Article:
Those who are already married, or intending to marry, as well as those persons only cohabitating, or intending to cohabit, may enter into agreements which set out their rights and obligations in the event that the relationship ends. These agreements provide certainty in that each party will know where they will stand should the relationship end.
For those intending to marry, these agreements are typically referred to as Marriage Contracts or Pre-nuptial Agreements. For those entering into these agreements after they are married, these agreements are usually referred to as Post-nuptial Agreements. They are referred to as Cohabitation Agreements for those just intending to live together or those without any immediate intention to marry.
In the event of a relationship ending, these agreements eliminate disputes over assets and finances, which can be costly, both financially and emotionally. They allow parties to agree, in advance, on the distribution of assets, ownership of property and the payment of support. These agreements cannot, however, deal with issues related to custody and access to children.
These agreements are equally applicable and provide similar benefits to those who choose to only cohabit and to those who choose to marry, even though the law still treats these relationships differently in some respects. Under the law, a common law spouse has the same right to seek support from his or her partner as if he or she were married. However, there is no right on the part of the common law spouse to seek an equalization of matrimonial property from his or her partner nor does the common law spouse have any possessory rights in the matrimonial home. Despite this, there are other property rights which a common law spouse may have upon the end of a relationship. These property rights are often more complex to resolve than the property rights which arise upon the end of a marriage.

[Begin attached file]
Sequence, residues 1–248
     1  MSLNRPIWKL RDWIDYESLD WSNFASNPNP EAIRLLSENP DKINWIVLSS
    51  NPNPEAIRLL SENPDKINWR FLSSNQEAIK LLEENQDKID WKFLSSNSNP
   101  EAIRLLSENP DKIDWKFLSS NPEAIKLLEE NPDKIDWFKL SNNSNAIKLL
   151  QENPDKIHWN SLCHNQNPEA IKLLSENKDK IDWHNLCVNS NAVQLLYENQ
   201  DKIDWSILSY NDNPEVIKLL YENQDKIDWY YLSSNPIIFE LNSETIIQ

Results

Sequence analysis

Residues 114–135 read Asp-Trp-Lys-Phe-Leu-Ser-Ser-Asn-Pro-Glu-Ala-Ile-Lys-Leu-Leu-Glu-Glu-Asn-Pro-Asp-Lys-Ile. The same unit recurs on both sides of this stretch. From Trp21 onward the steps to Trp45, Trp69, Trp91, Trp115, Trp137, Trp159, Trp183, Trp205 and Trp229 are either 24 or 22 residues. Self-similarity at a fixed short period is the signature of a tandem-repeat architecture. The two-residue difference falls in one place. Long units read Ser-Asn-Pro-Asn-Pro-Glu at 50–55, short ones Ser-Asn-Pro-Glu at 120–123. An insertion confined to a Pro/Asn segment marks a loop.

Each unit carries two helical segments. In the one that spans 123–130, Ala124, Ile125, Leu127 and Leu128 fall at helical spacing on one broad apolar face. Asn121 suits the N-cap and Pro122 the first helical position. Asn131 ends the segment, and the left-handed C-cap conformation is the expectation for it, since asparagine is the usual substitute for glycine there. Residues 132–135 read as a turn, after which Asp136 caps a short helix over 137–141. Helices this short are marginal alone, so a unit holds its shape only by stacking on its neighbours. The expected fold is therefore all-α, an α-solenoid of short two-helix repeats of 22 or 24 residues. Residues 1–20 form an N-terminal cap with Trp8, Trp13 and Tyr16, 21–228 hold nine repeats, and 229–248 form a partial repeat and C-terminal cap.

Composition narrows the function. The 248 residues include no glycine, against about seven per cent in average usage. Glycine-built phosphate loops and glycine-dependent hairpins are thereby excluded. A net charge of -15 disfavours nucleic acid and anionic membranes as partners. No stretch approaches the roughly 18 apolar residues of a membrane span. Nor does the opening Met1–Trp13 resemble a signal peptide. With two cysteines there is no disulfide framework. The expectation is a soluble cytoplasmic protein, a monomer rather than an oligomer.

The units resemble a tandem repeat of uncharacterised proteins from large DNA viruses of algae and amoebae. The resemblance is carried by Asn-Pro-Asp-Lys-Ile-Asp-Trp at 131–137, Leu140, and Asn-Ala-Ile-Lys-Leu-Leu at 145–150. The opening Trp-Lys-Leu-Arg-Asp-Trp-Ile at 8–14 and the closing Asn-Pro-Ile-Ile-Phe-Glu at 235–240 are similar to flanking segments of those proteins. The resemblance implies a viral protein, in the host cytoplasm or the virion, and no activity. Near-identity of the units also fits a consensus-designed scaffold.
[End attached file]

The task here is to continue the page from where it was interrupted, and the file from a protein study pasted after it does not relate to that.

While nobody enters into a relationship expecting it to end, should the couple choose to part ways, having an agreement in place will make dealing with financial matters much easier.
FREQUENTLY ASKED QUESTIONS - COHABITATION AGREEMENT
What rights are generally covered in a cohabitation agreement?
Generally the issues of property division and spousal support are covered in cohabitation agreements. However, there can be other areas covered. A cohabitation agreement should always be tailored to the specific needs and concerns of those entering into them.
Can a cohabitation Agreement just deal with one issue?
Yes. A cohabitation agreement can deal solely with one very specific issue or cover a number of different issues. For example, the only purpose of a cohabitation may be to ensure an inheritance from one person's family, used to pay the mortgage on a jointly held home, is not shared if the couple separates.
We are already cohabiting. Can we enter into a cohabitation agreement?
Yes you can. You may enter into a cohabitation agreement at any point in the relationship.
What happens to a cohabitation agreement if we marry?
Your cohabitation agreement automatically becomes a marriage contract (also sometimes referred to as a prenuptial agreement) upon marriage, unless you specifically state otherwise. There is no need to do a whole new agreement, unless of course you want to change the terms of the agreement you already have.
What are the requirements for a cohabitation agreement?
To help ensure that a cohabitation agreement is upheld by a court, should it ever be challenged, there are a number of steps which should always be taken:
Are there certain items that cannot be included in a cohabitation agreement?
Yes. There are certain items that cannot be included in cohabitation agreement. These are a few examples: